We’ve got a guest blogger this week! The lovely Annelize van Staden is a personal trainer and fitness instructor from Class Fit who runs a variety of specialised fitness classes in Gloucester and Cheltenham, including One Fit Mama. One Fit Mama circuit training classes are designed to help new mums get back to fitness without having to arrange childcare – babies and toddlers can come too!
Did you know that a third of all women experience a problem with their pelvic floor muscles at some time during their life? The pelvic floor muscles are responsible for supporting and protecting the pelvic organs (the bladder, bowel and womb) and, like any other muscle in the body, can become weak. Pregnancy and childbirth, in particular, place a huge amount of strain on the pelvic floor, reducing the natural tension that prevents the passing of urine, bowel and gas motions. A weak pelvic floor can also lead to pelvic organ prolapse.
Symptoms of pelvic floor dysfunction can include:
- Urgency to use the toilet
- Going to the toilet too frequently
- Getting up in the night to go to the toilet
- Bowel leakage with activity or urge
- Leakage of wind
- A feeling of something coming down or heaviness
- Vaginal or abdominal pain
- Lack of sensation during sex.
Pelvic floor issues are common, but they are not normal and you certainly don’t have to suffer in silence! The pelvic floor can be strengthened with some simple exercises. Take a look at this NHS leaflet and the following video to learn more:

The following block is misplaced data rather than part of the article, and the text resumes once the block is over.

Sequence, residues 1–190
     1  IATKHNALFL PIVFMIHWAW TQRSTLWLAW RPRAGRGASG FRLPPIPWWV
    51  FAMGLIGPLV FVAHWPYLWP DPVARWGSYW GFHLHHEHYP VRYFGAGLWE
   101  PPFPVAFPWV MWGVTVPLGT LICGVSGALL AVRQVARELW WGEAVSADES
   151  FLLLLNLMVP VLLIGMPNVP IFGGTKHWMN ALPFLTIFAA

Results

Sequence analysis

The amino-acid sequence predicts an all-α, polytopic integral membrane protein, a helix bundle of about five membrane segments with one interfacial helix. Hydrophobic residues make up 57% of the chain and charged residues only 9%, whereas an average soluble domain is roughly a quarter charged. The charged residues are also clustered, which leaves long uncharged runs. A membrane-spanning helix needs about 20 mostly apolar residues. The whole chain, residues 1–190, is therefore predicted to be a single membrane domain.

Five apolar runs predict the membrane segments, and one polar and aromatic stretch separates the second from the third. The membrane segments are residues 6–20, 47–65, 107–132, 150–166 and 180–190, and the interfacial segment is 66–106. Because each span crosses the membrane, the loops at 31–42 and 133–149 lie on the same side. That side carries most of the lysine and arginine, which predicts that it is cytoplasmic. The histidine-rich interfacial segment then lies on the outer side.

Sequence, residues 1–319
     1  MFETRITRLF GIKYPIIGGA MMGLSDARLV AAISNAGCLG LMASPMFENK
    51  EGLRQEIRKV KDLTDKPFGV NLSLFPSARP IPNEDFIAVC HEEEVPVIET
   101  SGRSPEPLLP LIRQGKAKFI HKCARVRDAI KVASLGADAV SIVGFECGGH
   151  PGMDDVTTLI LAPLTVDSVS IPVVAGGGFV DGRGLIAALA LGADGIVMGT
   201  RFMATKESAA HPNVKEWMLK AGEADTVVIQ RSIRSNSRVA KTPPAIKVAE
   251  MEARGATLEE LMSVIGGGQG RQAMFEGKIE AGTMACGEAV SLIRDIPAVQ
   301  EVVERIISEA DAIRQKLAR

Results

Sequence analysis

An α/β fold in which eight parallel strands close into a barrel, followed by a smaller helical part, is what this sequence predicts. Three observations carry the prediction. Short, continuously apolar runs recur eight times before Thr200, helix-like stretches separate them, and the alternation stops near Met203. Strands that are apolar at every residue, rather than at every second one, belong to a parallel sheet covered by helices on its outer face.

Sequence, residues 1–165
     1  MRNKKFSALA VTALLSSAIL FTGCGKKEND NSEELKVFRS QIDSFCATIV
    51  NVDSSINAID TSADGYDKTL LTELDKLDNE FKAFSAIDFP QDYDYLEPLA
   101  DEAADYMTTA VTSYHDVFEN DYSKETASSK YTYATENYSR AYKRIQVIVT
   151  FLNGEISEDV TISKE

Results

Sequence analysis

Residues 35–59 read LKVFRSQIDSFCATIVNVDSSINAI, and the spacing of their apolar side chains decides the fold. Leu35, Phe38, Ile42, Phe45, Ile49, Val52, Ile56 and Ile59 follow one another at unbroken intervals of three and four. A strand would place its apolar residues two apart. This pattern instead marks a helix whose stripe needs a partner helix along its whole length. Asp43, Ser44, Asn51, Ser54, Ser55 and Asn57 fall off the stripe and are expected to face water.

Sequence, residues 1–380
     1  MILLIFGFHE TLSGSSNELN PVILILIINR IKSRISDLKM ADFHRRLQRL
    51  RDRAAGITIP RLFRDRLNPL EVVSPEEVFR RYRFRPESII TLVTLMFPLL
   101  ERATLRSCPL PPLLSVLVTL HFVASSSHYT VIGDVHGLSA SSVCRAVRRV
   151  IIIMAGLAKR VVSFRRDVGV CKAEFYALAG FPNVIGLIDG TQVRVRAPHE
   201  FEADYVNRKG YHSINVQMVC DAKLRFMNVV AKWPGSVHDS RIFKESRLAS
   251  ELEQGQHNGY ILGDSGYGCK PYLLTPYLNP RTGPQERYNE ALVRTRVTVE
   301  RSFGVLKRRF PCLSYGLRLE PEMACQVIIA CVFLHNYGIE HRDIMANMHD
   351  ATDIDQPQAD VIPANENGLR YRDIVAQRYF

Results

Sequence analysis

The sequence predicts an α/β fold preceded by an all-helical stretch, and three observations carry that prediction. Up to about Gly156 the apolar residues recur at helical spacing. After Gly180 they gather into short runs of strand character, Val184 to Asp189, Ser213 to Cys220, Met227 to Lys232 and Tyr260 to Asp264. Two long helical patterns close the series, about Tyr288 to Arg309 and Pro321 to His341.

Strengthening your pelvic floor muscles can help stop incontinence, treat prolapse, and make sex better, too!
NHS Choices, 2017
Another common affliction to occur during pregnancy and the postnatal period is diastasis recti, which is the separation and weakening of the abdominal muscles and sheath. This is particularly common in women who have had larger babies, multiple births or continued with an unsafe abdominal fitness programme during pregnancy or soon after giving birth.
There are several signs that diastasis recti has occurred including back pain and incontinence however the most common and only visible sign is what is known as ‘doming’. This is often mistakenly described as ‘mummy tummy’ and is where the abdominal muscle form a dome or peak. You can also feel a gap between your abdominal muscles just above or below the belly button. The gap is classed as diastasis recti if the gap is larger than two fingers. If you suspect you might suffer with diastasis recti, or even a smaller gap, then there are several modifications to be made in relation to abdominal exercise; for example, sit ups and crunches should be completely avoided.
One Fit Core classes are specifically designed by a leading physiotherapist to improve your pelvic floor and core strength and provide you with the information you need to safely exercise after pregnancy.
Find out about this and more of Annelize’s classes at http://class-fit.co.uk/.